Craig v Minister for Justice and Equality

CourtSupreme Court
JudgeDenham C.J.,Dunne J.,Charleton J.
Judgment Date20 July 2015
Neutral Citation[2015] IESCDET 35
Date20 July 2015

[2015] IESCDET 35

An Chúirt Uachtarach

The Supreme Court


Denham C.J.

Dunne J.

Charleton J.

RESULT: The Court makes an order allowing an appeal to this Court under Article 34.5.3° of the Constitution from the judgment of the Court of Appeal delivered on the 21st day of May 2015.

This determination concerns an application brought by the applicant, Anthony Craig, in which he seeks a determination under Article 34.5.3° of the Constitution to allow an appeal to this Court from the determination of the Court of Appeal delivered on the 21st day of May 2015: judgment of Peart J, Mahon J agreeing [2015] IECA 102, Hogan J dissenting in a separate judgment; [2015] IECA 89.


The issues raised on this application are similar to those argued on the application brought by Michael Anthony Blamer. In this case, that of Anthony Craig, however, the applicant's factual circumstances are somewhat different. This applicant was convicted of murder at Preston Crown Court on the 12th of February 1974 and received the mandatory sentence of life imprisonment which follows upon a murder conviction in the United Kingdom. Ireland has a similar law but the actual make up of the sentence may or may not be different. The Home Secretary directed that he serve a minimum term of 15 years. This, according to information submitted in a European arrest warrant application in this jurisdiction at a later stage, constituted the punitive element of the sentence. Thereafter, apparently, the offender enters upon the risk element of the sentence and may only be detained if the offender continues to be a risk to the public. Upon the serving of the tariff, an independent Parole Board conduct a review in order to side if the offender's detention should be continued beyond that point. If detention is not deemed to be necessary then the offender is released on licence. If there is no release the must be a further review on a periodic basis. By July 2002, this applicant had served some 28 years of imprisonment and had earlier been transferred to an open prison. In that month he escaped and, according to evidence on affidavit, came to Ireland in 2005. In the intervening 10 years he has married in this jurisdiction. His return to the United Kingdom was sought on the basis of the unexpired portion of his sentence of imprisonment for life and was also requested in order to prosecute him for escape at common law, an offence which of itself carries a discretionary maximum penalty of life imprisonment.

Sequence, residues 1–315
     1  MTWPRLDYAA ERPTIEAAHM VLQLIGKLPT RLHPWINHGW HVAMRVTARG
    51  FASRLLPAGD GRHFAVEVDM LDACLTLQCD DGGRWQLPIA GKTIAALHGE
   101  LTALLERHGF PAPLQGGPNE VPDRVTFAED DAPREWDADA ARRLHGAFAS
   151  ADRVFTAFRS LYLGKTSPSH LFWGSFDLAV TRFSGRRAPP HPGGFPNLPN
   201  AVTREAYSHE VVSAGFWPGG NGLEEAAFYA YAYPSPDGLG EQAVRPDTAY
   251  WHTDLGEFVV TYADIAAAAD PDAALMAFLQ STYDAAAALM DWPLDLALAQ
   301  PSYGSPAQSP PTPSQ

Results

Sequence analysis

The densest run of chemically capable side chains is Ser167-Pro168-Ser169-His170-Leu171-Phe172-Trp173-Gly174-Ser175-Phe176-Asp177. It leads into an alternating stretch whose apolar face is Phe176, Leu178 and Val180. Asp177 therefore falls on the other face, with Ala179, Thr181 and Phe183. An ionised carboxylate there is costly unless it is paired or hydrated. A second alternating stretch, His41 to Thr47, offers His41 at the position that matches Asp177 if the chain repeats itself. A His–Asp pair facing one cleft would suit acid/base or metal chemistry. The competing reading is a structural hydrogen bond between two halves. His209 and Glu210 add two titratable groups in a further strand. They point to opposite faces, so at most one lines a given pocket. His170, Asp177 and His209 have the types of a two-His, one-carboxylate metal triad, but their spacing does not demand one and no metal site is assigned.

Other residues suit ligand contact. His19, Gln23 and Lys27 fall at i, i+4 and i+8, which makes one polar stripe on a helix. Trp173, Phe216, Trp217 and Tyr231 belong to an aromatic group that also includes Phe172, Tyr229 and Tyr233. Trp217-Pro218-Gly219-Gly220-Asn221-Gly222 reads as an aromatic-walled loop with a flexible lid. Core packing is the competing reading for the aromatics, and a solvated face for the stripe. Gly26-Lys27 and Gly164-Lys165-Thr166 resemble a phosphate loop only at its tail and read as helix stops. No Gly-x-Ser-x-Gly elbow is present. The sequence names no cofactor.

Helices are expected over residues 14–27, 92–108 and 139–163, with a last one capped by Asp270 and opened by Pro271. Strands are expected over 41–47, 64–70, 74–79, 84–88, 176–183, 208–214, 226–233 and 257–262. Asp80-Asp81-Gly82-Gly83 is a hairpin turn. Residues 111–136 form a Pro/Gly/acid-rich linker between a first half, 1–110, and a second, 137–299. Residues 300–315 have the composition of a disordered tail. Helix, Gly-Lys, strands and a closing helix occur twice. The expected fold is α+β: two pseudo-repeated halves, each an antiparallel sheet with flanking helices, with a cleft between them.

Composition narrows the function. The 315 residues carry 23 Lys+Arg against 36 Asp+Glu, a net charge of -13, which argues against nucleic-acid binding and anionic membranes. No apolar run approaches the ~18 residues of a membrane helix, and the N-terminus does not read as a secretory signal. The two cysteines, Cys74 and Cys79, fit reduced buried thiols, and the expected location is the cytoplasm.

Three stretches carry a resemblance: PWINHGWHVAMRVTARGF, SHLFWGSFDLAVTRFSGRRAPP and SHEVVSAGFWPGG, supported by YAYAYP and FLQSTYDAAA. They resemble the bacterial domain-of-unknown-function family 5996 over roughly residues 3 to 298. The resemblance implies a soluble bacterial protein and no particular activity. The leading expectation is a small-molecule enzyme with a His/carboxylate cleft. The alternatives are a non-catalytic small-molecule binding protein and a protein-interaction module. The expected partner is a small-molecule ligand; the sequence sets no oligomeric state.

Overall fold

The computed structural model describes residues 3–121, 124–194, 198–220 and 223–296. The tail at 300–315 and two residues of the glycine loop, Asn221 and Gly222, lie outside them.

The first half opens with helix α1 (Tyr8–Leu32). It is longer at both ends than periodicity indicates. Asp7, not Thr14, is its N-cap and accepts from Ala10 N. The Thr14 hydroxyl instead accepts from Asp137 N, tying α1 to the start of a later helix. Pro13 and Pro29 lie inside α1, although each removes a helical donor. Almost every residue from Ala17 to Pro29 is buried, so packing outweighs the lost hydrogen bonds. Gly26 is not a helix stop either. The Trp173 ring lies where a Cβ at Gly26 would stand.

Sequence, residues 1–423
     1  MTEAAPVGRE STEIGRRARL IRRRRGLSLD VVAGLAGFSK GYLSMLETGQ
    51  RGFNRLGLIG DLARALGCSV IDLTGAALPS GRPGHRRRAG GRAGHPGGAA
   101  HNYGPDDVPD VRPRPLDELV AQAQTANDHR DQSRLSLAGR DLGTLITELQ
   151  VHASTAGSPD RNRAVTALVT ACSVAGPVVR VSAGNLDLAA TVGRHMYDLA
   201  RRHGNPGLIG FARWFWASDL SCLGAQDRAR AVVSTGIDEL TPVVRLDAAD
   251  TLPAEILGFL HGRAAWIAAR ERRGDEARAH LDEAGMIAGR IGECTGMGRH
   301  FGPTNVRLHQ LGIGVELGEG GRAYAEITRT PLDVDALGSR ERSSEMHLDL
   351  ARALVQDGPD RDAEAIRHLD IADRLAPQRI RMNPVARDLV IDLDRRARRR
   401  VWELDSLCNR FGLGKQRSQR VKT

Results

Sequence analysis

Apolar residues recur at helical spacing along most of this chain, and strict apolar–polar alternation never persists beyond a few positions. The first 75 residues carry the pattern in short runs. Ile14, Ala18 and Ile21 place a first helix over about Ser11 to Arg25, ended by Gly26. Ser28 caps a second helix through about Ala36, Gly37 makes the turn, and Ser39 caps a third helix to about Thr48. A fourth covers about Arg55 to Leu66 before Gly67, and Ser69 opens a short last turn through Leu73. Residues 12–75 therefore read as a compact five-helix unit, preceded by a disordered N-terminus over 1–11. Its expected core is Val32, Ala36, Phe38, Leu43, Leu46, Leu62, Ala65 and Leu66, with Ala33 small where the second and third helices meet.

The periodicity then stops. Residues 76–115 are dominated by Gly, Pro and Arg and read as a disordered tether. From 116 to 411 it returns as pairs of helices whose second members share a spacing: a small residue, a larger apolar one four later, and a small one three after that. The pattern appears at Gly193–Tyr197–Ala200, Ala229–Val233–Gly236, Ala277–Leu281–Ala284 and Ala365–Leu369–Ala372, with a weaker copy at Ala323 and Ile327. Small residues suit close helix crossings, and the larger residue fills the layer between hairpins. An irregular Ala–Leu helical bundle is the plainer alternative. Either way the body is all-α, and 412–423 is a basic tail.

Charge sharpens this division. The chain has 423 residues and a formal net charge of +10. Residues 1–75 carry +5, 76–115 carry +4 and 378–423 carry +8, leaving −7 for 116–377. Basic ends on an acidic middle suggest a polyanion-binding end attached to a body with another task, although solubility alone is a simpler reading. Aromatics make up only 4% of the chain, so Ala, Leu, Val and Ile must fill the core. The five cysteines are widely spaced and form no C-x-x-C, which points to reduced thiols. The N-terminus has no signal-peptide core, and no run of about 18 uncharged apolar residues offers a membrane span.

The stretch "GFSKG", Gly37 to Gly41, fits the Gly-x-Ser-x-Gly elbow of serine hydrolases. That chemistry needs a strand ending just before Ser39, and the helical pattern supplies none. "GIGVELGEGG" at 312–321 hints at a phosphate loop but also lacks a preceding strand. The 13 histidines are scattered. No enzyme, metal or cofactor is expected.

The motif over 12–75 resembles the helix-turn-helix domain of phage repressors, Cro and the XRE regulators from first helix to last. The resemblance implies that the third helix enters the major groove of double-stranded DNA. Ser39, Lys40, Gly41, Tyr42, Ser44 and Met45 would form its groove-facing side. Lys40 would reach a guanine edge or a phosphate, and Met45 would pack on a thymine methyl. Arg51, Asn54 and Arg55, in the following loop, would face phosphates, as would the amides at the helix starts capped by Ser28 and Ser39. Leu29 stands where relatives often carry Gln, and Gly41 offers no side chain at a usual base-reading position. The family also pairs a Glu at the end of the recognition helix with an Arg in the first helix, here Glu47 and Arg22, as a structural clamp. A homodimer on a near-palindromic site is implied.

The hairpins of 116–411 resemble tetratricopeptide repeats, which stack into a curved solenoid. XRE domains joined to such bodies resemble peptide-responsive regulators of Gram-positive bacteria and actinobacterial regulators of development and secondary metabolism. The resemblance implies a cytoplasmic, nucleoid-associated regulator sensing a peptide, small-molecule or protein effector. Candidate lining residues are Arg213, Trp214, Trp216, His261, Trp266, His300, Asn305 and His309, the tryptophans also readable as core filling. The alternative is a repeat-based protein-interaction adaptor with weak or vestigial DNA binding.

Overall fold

A European arrest warrant was transmitted to this jurisdiction from the United Kingdom and duly endorsed. During the course of preparation, further information was sought as to what the life sentence regime in the requesting jurisdiction was understood to mean. An affidavit from a barrister practising in that jurisdiction stated that the tariff was there for the purposes of ‘satisfying the requirements of retribution and deterrence’ while the balance of the life sentence constituted ‘a preventative period during which release and liberty on licence was dependent on an assessment of risk’. This information was noted by the Court of Appeal to be similar in this application of Anthony Craig to the application in respect of Michael Anthony Balmer. Since the applicant has served the tariff, as in the other case, apparently described as the punitive element of the sentence, issues arose as to the validity of the enforcement in this jurisdiction of a warrant which had, on the arguments put forward on behalf of the applicant, a preventative purpose, claimed to be contrary to Article 40.3 and Article 40.4 of the Constitution.


Following a hearing before Edwards J in the High Court, by an order and judgement dated 18 September 2014, the trial judge rejected the argument made on behalf of the applicant, but by a separate order dated 18th of November 2014, certified that the decision involved a point of law the exceptional importance and that it was desirable and public interest that on appeal should be taken. The certified point was thus expressed:

Where the requested person has been sentenced in the United Kingdom to a life sentence for murder, and has served a portion of the sentence consisting of his/her individualised tariff, and which are said by the issuing state to have constituted the entirety of the punitive element of the said sentence, would the surrender of that person to serve the balance of his/her sentence constituted a contravention of any provision of the Constitution of Ireland, and in particular of Article 40.4 thereof, such that the contemplated surrender would be prohibited by section 37(1)(b) of the European Arrest Warrant Act 2003?


Article 34 of the Constitution provides for the public administration of justice; describes the courts established by the Constitution and those which may be established by law; provides for the full and original jurisdiction of the High Court; and under Article 34.2 establishes the Court of Appeal and under Article 34.5.3° sets out its appellate jurisdiction. This reads:

4 1° The Court of Appeal shall—

i save as otherwise provided by this Article, and

ii with such exceptions and subject to such regulations as may be prescribed by law,

have appellate jurisdiction from all decisions of the High Court, and shall also have appellate jurisdiction from such decisions of other courts as may be prescribed by law.


Article 34.4 of the Constitution also provides for the finality of decisions of the Court of Appeal, save for appeals that may be taken to the Supreme Court from decisions of the Court of Appeal. This is...

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